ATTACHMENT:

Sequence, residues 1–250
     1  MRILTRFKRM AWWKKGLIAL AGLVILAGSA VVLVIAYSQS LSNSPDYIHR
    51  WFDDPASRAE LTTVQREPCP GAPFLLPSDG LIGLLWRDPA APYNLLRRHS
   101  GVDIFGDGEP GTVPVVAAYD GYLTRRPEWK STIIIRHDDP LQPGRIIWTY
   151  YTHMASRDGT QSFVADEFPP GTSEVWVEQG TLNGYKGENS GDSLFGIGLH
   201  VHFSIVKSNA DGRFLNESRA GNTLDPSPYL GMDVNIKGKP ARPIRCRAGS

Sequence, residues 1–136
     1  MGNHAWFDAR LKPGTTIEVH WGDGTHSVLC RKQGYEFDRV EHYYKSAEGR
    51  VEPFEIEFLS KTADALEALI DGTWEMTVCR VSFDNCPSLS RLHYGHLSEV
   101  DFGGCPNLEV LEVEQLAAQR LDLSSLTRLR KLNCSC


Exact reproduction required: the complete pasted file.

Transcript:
Sequence, residues 1–250
     1  MRILTRFKRM AWWKKGLIAL AGLVILAGSA VVLVIAYSQS LSNSPDYIHR
    51  WFDDPASRAE LTTVQREPCP GAPFLLPSDG LIGLLWRDPA APYNLLRRHS
   101  GVDIFGDGEP GTVPVVAAYD GYLTRRPEWK STIIIRHDDP LQPGRIIWTY
   151  YTHMASRDGT QSFVADEFPP GTSEVWVEQG TLNGYKGENS GDSLFGIGLH
   201  VHFSIVKSNA DGRFLNESRA GNTLDPSPYL GMDVNIKGKP ARPIRCRAGS

Sequence, residues 1–136
     1  MGNHAWFDAR LKPGTTIEVH WGDGTHSVLC RKQGYEFDRV EHYYKSAEGR
    51  VEPFEIEFLS KTADALEALI DGTWEMTVCR VSFDNCPSLS RLHYGHLSEV
   101  DFGGCPNLEV LEVEQLAAQR LDLSSLTRLR KLNCSC